Artificial Intelligence: A Radical Anti-Humanism
Artificial Intelligence: A Radical Anti-Humanism
Artificial intelligence and ethics, two subjects that go hand-in-hand in current literature, are often confined to the spectrum of the subject of privacy.
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Artificial intelligence and ethics, two subjects that go hand-in-hand in current literature, are often confined to the spectrum of the subject of privacy. Eric Sadin, a French philosopher, broadens the subject of the impact of artificial intelligence to the civilizational field and explains what he believes is at stake. His book "Artificial Intelligence or the Challenge of the Century (in French: “Intelligence artificielle ou l'Enjeu du siècle”) has made headlines in France, and it seemed natural to me to share his thoughts with you.
Most rich countries intend to become champions of artificial intelligence, so much so that you say that AI has become the "great obsession of the time."
Indeed, companies, politicians, and researchers swear by AI because it heralds the emergence of a world that is secure, optimized, and fluidized everywhere...and brings unlimited economic prospects. The major powers, the United States and China, are mobilizing enormous resources to be at the forefront. Since it is understood that "we must not miss the train of history," investments are made with the greatest haste. So much so that some people say they prefer to advance on technologies first and then think about it. On the contrary, given the scope of the issues at stake, it is imperative that these issues be the subject of public debate and constructive public controversy, which is not the case today.
Your book points to AI as "radical anti-humanism," yet these technologies seek to imitate our brains and are supposed to help us.
This ambition to design modeled systems on the human brain guides research in laboratories. IBM, for example, claims to have developed synaptic chips, and Intel has developed a so-called neuromorphic chip. But this is inappropriate vocabulary: we are not, in any way, dealing with a replica of our intelligence, even partial. The term "artificial intelligence" is an abuse of language, suggesting that it would naturally be entitled to replace our own intelligence in order to ensure a better conduct of our lives. This anthropomorphic name must be challenged. In truth, so-called "AI" represents a mode of technological rationality that seeks to optimize any situation, satisfy many private interests and, ultimately, promote widespread utilitarianism.
You are talking about an almighty power in the making that is capable of stating "the truth" for us.
What characterizes AI is that it is a power of expertise that is constantly being improved. Its self-learning systems are able to analyze ever more varied situations and reveal to us facts of which we were unaware in some cases. They do so at speeds that exceed our cognitive abilities. We are experiencing a change in the status of digital technologies: They are no longer intended to only give us access to information but to reveal to us the reality of the phenomena beyond appearances. Basically, these computational systems have a singular and disturbing vocation: to state the truth. Technology is given new prerogatives: to illuminate the course of our existence with its lights. That is a major fact.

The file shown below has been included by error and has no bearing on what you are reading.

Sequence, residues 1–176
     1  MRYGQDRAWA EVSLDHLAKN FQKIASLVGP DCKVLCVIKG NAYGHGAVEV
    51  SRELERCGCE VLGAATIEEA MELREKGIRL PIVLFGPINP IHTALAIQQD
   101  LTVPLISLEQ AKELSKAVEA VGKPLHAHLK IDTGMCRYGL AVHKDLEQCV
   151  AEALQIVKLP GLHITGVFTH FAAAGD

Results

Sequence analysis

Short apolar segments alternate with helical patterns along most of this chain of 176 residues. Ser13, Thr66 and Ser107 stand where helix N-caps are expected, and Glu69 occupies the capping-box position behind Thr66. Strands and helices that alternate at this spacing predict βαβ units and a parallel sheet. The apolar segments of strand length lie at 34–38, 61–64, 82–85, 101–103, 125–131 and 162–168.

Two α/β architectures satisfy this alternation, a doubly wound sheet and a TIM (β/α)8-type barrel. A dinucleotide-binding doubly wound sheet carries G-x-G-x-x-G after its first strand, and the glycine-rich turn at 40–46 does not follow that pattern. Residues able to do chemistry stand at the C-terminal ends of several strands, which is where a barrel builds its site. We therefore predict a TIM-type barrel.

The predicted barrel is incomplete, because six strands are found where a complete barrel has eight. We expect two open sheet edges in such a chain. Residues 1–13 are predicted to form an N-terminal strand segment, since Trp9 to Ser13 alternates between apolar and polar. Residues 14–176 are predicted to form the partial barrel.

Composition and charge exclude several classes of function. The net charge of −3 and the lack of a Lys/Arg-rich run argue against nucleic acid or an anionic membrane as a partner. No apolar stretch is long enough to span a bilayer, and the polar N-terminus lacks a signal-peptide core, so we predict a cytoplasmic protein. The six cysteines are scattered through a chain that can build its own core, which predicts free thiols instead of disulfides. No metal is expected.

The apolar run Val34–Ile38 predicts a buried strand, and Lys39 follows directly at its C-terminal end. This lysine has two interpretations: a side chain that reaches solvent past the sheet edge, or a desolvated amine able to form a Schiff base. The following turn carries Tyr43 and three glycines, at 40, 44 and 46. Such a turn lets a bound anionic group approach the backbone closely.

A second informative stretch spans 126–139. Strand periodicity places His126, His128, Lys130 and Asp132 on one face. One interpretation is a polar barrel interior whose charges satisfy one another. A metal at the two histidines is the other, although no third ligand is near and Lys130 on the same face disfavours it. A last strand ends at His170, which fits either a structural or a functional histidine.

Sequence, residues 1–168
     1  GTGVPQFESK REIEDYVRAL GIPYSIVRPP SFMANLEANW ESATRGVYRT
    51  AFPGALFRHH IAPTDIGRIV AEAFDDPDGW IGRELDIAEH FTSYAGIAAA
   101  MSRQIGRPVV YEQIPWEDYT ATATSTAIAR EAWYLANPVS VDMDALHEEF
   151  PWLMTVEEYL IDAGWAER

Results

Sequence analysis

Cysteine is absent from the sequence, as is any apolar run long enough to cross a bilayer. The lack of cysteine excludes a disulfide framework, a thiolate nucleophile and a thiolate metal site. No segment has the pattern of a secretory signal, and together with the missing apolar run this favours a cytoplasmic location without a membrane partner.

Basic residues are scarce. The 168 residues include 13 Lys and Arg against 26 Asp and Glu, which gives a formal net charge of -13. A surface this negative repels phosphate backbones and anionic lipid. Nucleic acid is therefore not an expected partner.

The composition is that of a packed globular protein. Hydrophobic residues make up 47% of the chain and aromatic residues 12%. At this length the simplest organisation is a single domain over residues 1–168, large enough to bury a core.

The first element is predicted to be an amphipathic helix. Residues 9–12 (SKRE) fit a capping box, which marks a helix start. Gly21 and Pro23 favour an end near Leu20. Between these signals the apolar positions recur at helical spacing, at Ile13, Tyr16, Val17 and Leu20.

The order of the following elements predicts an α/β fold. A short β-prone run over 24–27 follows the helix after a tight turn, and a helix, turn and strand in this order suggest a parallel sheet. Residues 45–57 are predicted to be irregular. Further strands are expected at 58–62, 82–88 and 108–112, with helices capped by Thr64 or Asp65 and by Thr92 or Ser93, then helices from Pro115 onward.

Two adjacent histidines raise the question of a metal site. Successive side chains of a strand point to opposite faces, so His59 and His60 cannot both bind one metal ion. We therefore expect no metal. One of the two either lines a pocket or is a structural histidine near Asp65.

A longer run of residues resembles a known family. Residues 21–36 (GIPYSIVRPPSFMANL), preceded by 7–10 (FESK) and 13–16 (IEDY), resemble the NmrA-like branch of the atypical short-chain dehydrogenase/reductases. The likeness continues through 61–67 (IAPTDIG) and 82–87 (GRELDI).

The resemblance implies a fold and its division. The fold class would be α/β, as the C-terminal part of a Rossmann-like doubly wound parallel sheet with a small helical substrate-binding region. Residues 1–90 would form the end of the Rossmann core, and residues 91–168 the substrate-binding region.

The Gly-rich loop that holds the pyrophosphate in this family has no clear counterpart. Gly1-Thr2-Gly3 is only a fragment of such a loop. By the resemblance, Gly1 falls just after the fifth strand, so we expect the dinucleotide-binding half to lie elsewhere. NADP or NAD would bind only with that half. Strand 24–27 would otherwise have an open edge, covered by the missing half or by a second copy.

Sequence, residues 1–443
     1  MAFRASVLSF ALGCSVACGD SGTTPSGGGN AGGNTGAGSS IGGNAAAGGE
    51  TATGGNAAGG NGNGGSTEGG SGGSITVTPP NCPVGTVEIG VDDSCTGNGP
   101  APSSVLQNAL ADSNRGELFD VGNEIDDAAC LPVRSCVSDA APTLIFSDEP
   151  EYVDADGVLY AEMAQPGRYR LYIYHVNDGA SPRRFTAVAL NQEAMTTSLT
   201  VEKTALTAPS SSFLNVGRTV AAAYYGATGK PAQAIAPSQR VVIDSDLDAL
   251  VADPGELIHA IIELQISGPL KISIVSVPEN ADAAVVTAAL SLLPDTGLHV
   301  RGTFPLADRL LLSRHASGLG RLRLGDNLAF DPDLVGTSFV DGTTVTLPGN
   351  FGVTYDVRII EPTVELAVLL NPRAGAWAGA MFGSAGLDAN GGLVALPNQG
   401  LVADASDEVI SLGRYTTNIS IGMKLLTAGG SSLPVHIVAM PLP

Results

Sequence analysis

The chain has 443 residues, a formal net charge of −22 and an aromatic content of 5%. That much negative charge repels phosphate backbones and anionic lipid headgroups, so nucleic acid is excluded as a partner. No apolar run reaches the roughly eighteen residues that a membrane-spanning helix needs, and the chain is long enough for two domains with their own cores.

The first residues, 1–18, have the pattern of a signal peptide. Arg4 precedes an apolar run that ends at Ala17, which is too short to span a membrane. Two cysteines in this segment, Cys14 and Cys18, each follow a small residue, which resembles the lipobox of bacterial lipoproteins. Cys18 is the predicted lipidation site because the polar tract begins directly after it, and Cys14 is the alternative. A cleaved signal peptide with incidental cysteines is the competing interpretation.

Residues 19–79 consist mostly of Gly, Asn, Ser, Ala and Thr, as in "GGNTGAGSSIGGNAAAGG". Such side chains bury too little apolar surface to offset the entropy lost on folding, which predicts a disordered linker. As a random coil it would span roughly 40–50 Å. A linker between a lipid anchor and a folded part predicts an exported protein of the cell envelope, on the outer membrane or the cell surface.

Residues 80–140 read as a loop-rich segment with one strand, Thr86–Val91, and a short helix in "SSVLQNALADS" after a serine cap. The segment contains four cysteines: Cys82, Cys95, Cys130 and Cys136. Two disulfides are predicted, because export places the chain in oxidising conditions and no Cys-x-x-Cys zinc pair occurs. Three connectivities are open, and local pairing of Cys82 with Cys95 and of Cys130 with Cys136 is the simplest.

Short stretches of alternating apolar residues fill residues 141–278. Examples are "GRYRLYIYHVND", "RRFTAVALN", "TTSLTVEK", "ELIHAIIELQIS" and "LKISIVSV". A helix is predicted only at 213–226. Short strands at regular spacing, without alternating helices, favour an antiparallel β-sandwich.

How does this techne logos, which you define as a technology capable of uttering verbs, manifest itself in our daily lives?
At the moment, when these machines are called upon to tell us the truth, they find themselves endowed with speech, just like these connected speakers with whom we can dialogue. This provision is also at work in chatbots, conversational agents, or personal digital assistants designed to guide us in our daily lives. We will increasingly be surrounded by spectra in charge of administering our lives. This is what I call "power-kairos" — the will of the digital industry to be continuously at our side in order to seek and, as soon as the opportunity presents itself, to influence our actions by stating what is supposed to suit us. The upcoming economic battle between Google, Facebook, Amazon, Baidu [the Chinese “Google”], and others will result in fierce competition for this spectral presence, with each actor struggling to impose its hold at the expense of all others.
So you are saying that it is the "divestment" of our right to decide our lives that threaten us.
We are currently experiencing what I call the "injunctive turn of technology." This is a unique phenomenon in the history of humanity that sees systems telling us to act in this or that way. This can range from a moderate and incentive level, at work in a sports coaching application for example, to a prescriptive level, in the case of the review of a bank loan. Even the recruitment industry is beginning to use conversational robots to select candidates! We are being told the fable of a "human-machine complementarity" but in reality, the more advanced the level of automated expertise, the more marginalized human evaluation will be. And coercive injunction levels are already being reached in the field of work, with systems dictating the actions to be performed by people. The free exercise of our judgment is replaced by protocols to guide our actions. This is an unprecedented political, legal, and anthropological break.